15. 12 Challenges to Decentralized Governance in Weak States
    (pp. 212-228)

    Within the international development community the Scandinavian countries are among the most ardent advocates of decentralization. They have their own long history of how decentralization has helped foster democracy. To this day, local governments in those countries raise and retain more public tax revenue than elsewhere. A great number of core government functions are controlled and managed by local authorities.

    To understand the challenges that exist in trying to foster decentralized forms of governance in weak states, it is instructive to look at the factors that explain the success of the Scandinavian countries. Decentralized governance was not concocted and imposed...

  16. 13 Decentralization and Legal Empowerment of the Poor
    (pp. 229-241)

    The past twenty-five years have seen significant shifts in geopolitics, the global environment, globalization, security, poverty, and economic inequality. These shifts create both new challenges and new opportunities for action. The 1980s, for example, witnessed a new wave in environmental consciousness, culminating in the United Nations Conference on Environment and Development—the Rio Summit—in 1992. In 1989, the end of the cold war ushered in a new era of geopolitics that brought the rethinking of development cooperation.Governanceentered the development cooperation lexicon as a means of examining and better understanding how politics and power affect development opportunities and...

  17. 14 Decentralization to Promote Effective and Efficient Pro-Poor Infrastructure and Service Delivery in the Least-Developed Countries
    (pp. 242-265)

    What does it take to have decentralization programs that promote effective and efficient infrastructure and services? What does it take to have decentralization that is pro-poor and that addresses the needs of the excluded and marginalized citizens? What systems need to be put in place at local levels to ensure long-term sustainability of local programs? The answers to all these critical questions are very complex and require careful understanding of the historical, social, administrative, and political systems prevailing in countries that seek to promote decentralization. This chapter examines some of the practical consequences of decentralization and highlights some examples of...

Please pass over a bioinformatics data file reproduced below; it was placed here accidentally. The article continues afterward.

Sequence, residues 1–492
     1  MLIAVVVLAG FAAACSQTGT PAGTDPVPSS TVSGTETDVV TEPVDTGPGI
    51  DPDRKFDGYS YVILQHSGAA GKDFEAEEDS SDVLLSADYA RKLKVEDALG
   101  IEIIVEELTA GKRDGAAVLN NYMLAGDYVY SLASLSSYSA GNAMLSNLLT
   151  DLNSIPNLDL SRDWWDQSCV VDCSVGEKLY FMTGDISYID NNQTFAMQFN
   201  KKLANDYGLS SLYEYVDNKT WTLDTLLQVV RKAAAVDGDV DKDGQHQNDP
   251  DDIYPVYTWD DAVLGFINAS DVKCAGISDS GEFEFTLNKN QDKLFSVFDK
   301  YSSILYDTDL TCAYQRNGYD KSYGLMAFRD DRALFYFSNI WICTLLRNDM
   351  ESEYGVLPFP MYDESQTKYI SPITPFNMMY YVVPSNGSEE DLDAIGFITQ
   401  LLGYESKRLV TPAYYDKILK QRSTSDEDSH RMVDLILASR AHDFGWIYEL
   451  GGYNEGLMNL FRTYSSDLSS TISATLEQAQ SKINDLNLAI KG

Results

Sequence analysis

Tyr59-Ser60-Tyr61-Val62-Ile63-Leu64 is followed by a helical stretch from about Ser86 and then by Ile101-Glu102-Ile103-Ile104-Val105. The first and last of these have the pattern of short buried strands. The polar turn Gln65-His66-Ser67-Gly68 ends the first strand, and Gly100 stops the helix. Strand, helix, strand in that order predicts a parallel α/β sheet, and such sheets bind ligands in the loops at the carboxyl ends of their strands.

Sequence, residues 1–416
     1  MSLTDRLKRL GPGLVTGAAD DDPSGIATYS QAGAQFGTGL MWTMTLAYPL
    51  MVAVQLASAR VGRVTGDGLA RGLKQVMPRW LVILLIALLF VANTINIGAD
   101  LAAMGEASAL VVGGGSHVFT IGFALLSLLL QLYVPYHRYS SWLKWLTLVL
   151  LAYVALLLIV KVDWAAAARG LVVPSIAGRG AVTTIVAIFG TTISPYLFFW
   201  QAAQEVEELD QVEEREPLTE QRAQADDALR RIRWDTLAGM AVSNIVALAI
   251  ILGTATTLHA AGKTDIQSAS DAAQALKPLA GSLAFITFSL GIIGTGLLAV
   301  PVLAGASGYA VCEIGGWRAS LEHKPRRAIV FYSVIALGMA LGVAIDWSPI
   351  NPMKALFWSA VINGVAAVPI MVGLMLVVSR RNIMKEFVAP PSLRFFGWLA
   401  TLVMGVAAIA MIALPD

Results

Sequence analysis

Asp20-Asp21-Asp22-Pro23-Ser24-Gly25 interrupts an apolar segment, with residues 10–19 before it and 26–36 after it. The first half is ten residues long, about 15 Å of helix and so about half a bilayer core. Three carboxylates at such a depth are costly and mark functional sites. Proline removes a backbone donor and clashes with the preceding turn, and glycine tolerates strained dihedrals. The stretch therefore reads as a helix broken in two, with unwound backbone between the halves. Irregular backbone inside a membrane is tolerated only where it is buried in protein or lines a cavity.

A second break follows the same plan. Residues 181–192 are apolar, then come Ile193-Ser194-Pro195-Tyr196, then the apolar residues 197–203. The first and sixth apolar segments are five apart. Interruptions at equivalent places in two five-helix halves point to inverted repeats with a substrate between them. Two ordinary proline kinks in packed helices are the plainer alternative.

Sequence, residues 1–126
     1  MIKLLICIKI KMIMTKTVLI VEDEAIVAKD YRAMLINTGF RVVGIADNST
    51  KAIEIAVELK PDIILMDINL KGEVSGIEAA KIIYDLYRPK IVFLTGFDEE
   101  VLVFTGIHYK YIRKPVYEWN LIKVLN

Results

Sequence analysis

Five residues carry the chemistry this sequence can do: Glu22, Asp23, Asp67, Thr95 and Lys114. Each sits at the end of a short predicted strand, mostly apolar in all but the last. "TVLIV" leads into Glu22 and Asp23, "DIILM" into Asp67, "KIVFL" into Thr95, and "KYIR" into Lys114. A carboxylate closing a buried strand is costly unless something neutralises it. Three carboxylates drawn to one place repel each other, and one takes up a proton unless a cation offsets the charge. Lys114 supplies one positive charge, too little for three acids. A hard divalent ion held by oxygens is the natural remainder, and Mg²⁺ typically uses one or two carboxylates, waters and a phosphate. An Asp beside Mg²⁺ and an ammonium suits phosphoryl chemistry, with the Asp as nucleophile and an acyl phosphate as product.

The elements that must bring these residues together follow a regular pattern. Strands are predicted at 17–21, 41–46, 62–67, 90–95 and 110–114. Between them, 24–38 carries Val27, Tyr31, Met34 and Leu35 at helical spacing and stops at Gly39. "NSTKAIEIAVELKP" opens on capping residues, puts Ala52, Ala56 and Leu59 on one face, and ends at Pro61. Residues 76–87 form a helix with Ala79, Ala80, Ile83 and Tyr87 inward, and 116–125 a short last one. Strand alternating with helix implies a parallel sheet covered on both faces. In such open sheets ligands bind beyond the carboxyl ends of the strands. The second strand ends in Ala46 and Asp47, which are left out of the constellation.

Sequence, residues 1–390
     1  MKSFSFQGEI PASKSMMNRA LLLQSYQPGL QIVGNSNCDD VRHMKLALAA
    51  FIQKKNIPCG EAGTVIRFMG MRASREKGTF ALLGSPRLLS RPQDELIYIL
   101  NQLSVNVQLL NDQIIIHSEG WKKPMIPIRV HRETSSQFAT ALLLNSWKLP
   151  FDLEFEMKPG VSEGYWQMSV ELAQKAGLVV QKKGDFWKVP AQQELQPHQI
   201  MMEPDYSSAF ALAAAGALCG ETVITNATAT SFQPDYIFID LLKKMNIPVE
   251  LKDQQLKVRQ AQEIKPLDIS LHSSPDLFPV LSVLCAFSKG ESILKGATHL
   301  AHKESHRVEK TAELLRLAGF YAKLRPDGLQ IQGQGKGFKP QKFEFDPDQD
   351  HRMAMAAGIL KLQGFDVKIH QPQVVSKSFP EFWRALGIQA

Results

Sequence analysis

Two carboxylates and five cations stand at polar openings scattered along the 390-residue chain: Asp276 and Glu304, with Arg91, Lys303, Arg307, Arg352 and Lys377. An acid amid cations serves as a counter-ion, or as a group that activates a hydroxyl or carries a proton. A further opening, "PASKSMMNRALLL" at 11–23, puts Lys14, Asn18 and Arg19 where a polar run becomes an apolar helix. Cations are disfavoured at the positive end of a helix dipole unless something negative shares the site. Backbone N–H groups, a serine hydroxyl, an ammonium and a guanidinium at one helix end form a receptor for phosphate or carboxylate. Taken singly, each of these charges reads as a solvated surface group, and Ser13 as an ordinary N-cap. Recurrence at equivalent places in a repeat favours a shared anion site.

18. 15 Designing Decentralized Coastal Management Programs
    (pp. 266-291)

    One of the most sobering realities about contemporary natural resource management and environmental protection is how difficult it is to translate environmental goals into effective action. The result is what might be called an “implementation gap.” This implementation gap refers to inconsistencies between policy goals conceived at one level or branch of government and the translation of those goals into specific resource management activities at another level or by other agencies.¹ It also refers to the gap between management actions at all levels of government and actual improvement in environmental conditions.

    These implementation gaps are not a new concern, but...

  19. 16 Issues and Best Practices in the Decentralization of Natural Resource Control in Developing Countries
    (pp. 292-306)

    Many national governments wrested control over natural resources away from former resource exploiters at various times during the twentieth century, but are now in the process of considering or implementing the devolution of control to private individuals, community groups, or subnational governments.¹ The outcomes of these initiatives are often crucial not only because of the wealth generated from the resources but also to the well-being of the local populations, the health of the ecosystems, and even the levels of armed conflict within these countries. This chapter reviews the issues and best practices regarding the decentralization of natural resource control, covering...

  20. Contributors
    (pp. 307-312)
  21. Index
    (pp. 313-326)